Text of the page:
Intelligence Analysts: North Korea Has Developed More Advanced Malware

This undated picture released from North Korea's official Korean Central News Agency (KCNA) on October 29, 2015 shows North Korean leader Kim Jong-Un (2nd R) inspecting the Sci-Tech Complex at the Ssuk Islet in Pyongyang. AFP PHOTO / KCNA via KNS REPUBLIC OF KOREA OUT THIS PICTURE WAS MADE AVAILABLE …

Intelligence analysts have discovered a new strand of North Korean malware that could be used in a cyber attack against the United States.

Documents obtained by Foreign Policy from the Department of Homeland Security issued in December last year indicate that “advanced persistent threat actors” are using “newly discovered destructive malware that shares a number of similarities to the destructive malware” used in previous cyber attacks.

“This is the first known instance since 2014 that North Korea-tied destructive malware has been seen,” the report states.

In 2014, the regime was alleged to have conducted a cyber attack on Sony Entertainment after the release of the action comedy film The Interview which told the story of two journalists sent to North Korea to assassinate dictator Kim Jong-un.

The report says that although it is not certain that Pyongyang is behind the new strand of malware, the malware’s technical similarity “makes it very likely.”

An anonymous DHS official told the magazine that the department has issued technical alerts “over the last year to assist network defenders in understanding the types of malware” used by North Korean hackers and to urge network administrators “to remove them from their systems so that they cannot continue to have access to our infrastructure.”

Identifying the responsible actors of attacks can be difficult. In February, a cyber attack against hundreds of computers at the Winter Olympics in South Korea believed to be carried out by North Korea was later confirmed by U.S. intelligence officials as a Russian false flag operation.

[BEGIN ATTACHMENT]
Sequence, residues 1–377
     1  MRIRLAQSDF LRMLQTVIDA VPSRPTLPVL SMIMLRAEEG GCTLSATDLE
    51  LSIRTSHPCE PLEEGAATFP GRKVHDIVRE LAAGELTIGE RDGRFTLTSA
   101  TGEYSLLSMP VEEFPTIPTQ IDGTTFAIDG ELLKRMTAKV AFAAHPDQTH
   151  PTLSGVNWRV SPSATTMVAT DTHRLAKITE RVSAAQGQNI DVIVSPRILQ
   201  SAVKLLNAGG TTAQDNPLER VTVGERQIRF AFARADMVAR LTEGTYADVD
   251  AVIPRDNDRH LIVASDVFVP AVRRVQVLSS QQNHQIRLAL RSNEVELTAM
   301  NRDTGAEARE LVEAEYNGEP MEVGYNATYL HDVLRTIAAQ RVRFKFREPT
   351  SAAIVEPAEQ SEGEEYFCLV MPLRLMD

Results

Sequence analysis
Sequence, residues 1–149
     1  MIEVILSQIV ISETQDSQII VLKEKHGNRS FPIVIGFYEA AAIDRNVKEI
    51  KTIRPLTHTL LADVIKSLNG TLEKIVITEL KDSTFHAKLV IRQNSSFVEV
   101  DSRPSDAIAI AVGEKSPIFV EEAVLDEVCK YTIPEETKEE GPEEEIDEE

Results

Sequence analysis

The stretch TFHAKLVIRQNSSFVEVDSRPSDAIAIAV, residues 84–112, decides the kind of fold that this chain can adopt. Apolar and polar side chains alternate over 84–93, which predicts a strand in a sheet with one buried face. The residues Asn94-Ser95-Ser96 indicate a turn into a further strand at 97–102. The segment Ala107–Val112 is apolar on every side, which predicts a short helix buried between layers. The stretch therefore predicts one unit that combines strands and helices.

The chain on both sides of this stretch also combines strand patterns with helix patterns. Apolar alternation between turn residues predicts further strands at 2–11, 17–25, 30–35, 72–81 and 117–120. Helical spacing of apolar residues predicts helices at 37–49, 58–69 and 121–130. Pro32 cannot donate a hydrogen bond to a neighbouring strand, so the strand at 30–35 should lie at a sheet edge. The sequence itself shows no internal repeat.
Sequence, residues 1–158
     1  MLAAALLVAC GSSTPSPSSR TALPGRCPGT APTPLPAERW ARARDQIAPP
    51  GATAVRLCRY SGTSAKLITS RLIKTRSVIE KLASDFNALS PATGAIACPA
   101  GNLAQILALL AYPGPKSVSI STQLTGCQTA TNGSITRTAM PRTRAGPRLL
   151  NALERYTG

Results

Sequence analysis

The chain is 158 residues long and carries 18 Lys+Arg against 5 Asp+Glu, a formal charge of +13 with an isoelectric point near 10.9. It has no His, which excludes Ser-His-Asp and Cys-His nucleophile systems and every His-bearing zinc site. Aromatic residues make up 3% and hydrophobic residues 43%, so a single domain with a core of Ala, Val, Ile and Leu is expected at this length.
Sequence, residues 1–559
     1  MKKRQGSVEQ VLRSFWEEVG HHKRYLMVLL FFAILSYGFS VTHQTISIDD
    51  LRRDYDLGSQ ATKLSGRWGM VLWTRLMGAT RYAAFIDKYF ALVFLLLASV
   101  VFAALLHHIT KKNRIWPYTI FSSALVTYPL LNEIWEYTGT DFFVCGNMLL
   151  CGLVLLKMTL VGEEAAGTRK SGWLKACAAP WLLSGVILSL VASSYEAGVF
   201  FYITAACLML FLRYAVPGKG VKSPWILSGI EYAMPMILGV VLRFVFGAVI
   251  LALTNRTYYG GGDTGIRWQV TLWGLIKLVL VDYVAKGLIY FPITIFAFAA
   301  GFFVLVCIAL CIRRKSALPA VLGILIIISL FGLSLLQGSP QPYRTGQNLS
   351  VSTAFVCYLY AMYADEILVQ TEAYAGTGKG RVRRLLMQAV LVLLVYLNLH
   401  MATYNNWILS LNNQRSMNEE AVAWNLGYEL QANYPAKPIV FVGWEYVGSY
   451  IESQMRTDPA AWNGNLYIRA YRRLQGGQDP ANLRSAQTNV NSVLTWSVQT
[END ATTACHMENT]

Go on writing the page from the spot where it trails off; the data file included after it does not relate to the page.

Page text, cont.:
However, North Korea is believed to be behind numerous past cyber attacks, with cybersecurity experts last year providing evidence that the regime was behind a global “ransomware” attack that took hostage thousands of computers and servers worldwide.

There have also been reports that North Korea successfully hacked South Korean cryptocurrency exchanges in an attempt to access desperately needed hard currency.

In February, Foreign Policy reported that the U.S. is now “laying the groundwork” for its own cyber warfare against North Korea as an alternative method of neutralizing the rogue communist regime should current de-escalation efforts fail.

Groundwork efforts include “installing fiber cables as bridges into the region and setting up remote bases and listening posts” so American hackers could gain access to North Korea’s private internet systems.

In the run-up to a meeting between President Donald Trump and dictator Kim Jong-un, North Korea has agreed to refrain from additional nuclear tests, although the country’s plausible deniability likely heightens the possibility of additional cyber attacks as the regime continues to struggle under the pressure of international sanctions.

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